There are times I don't mind at all and he does add to the conversations but there are other times when he's done it that many times I just want to say to him "Y'know what, seeing as you know so much more about X than me, I'll let you carry on" It just strikes me as rude and is getting me down.

There are some colleagues - my line manager for instance who will cut him short but most don't and I just get sidelined.

The bullying that occurred was him trying to get on side with the team we work in and using me as cannon fodder - without my knowledge - and slagging me off with incorrect half stories to my colleagues. This in itself has made me feel very conscious of colleagues.

pinkdelight Thu 08-Sep-16 13:48:10

Honestly he just sounds chatty. It sounds like you do a fair bit of chatting, if all that was within 3.5 hours, so it sounds like the kind of workplace where people do join in with conversations. It's not like they're private chats, just general holiday, kids etc. The lost weight compliment is a very normal and nice thing to say to a person. But I guess there must be more to it if you're feeling that these are insidious. If the main problem is him interrupting, just keep talking and be brazen about it. Don't be embarrassed into butting out if you feel he's taking over. Embarrass him into butting out.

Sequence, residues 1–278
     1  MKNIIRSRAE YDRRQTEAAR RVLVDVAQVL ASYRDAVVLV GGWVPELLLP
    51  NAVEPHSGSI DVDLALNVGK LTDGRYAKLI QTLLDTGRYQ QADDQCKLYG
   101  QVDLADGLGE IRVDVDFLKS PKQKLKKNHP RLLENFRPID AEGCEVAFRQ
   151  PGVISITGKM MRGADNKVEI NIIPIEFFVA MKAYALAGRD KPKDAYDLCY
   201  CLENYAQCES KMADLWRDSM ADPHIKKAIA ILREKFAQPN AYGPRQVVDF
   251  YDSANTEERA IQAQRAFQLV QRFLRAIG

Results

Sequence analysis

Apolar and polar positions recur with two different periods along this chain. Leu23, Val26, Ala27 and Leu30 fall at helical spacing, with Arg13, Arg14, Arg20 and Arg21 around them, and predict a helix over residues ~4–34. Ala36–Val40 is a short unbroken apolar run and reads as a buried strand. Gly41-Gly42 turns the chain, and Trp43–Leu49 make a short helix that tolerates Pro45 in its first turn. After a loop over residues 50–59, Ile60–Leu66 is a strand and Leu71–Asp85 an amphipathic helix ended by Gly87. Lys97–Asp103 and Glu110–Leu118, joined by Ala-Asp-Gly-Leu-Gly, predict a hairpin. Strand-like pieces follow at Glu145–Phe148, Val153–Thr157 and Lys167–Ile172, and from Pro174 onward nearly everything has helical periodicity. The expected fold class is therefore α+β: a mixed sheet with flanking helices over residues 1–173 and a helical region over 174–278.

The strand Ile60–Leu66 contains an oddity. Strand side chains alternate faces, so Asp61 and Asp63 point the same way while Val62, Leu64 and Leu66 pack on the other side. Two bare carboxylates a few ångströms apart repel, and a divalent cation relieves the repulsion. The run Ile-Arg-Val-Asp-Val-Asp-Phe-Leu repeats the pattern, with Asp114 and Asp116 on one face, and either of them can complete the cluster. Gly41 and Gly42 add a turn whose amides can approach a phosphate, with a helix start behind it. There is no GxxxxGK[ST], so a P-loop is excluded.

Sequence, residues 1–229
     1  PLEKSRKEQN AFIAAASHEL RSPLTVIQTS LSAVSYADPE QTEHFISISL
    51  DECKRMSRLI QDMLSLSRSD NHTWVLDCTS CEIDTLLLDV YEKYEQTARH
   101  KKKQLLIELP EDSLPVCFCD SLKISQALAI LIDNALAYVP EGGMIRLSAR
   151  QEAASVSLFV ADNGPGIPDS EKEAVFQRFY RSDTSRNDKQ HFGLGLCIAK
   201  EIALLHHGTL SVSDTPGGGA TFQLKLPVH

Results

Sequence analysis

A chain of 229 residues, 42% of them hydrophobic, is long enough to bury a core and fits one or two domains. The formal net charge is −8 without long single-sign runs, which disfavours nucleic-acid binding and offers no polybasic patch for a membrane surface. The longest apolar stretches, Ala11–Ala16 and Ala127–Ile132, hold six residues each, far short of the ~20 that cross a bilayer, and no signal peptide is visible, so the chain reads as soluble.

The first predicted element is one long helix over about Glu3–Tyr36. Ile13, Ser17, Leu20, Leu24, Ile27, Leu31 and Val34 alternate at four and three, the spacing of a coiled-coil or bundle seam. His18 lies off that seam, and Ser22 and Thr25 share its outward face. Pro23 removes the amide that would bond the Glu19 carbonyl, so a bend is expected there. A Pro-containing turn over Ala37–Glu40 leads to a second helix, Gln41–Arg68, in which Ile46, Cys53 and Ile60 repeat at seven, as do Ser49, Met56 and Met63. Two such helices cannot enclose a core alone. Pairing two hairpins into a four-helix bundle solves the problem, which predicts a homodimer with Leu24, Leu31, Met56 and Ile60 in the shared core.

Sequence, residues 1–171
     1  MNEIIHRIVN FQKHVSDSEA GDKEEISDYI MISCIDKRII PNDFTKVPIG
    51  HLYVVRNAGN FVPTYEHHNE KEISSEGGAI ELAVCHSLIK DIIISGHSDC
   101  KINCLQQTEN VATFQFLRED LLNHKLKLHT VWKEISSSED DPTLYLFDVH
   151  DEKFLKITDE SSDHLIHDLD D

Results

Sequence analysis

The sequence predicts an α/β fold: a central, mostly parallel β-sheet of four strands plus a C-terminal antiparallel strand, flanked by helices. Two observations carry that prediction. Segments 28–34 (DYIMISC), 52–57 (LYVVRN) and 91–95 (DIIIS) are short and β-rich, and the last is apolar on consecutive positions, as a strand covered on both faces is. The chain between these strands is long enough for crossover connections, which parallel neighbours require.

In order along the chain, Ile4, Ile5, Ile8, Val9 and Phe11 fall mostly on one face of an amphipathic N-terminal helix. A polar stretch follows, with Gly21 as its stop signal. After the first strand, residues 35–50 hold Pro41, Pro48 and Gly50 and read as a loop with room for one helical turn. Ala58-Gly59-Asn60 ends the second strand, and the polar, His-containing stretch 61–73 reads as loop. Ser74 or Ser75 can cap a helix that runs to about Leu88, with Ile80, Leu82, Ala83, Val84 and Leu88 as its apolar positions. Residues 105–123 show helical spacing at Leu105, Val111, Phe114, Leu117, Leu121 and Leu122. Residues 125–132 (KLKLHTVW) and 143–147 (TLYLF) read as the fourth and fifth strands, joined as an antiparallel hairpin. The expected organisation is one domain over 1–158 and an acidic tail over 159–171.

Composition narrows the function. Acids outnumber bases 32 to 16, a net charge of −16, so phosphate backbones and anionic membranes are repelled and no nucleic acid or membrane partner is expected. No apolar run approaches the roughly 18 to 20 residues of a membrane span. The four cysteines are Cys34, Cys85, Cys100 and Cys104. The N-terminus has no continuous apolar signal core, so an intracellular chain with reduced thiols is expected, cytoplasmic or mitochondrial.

HandmaidsTail Thu 08-Sep-16 13:48:16

Just tell him to belt up! He sounds like a self-centred bore, they're everywhere. If your choices are either to be brave and tell him to wheesht, or stop interacting with everyone else at work, it's time to be brave!

BIWI Thu 08-Sep-16 13:49:13

You have to call him on it every time. The longer you let him get away with it the more he'll do it.

You can't leave it to others to stop him - you have to stop him. You don't have to be rude, but you can just point out that he's interrupting/derailing you.

pinkdelight Thu 08-Sep-16 13:50:01

Just saw your latest post. If he's actually bullying you then that's different. Did you talk to your line manager about it?

ABloodyDifficultWoman Thu 08-Sep-16 13:52:41

People like this rely on people like you never saying anything either because you don't wish to be rude or because you are intimidated.
It's really up to you. Only you can change this and you can only do this by way of your reaction to him - simple as that.

Do what others have suggested - interrupt him, sideline him, make him wait until you're finished. Do anything you have to to take the 'power' away from him. If you are unable or unwilling to do this then it will continue.
He is not destroying your character though. He might be causing you to moderate or change your behaviour and that will continue until you change the way you react to him.

bluewindowframe Thu 08-Sep-16 13:56:37

BIWI I once did say something like "Can you hang on a minute, I am talking please" to which he said "Well, actually this does concern me" and I felt like I may aswell have not bothered sticking up for myself.

JellyBelli Thu 08-Sep-16 13:57:15

If he has been talking about you behind your back with half true stories, then I dont think he's just being chatty.
He does seem to have put you on the defensive, and I think as far as tackling the problem goes, thats where you need to start.
If you could develop armour and change the way you feel about his silly behaviour it would benefit you.
I would suggest you go for CBT and assertiveness training, and they can help you practice some techniques to deal with him.

To me he sounds like a controller. I dont think I'd have too much of a problem spotting him. Fact is, people are still talking to you despite his best efforts, so dont quit.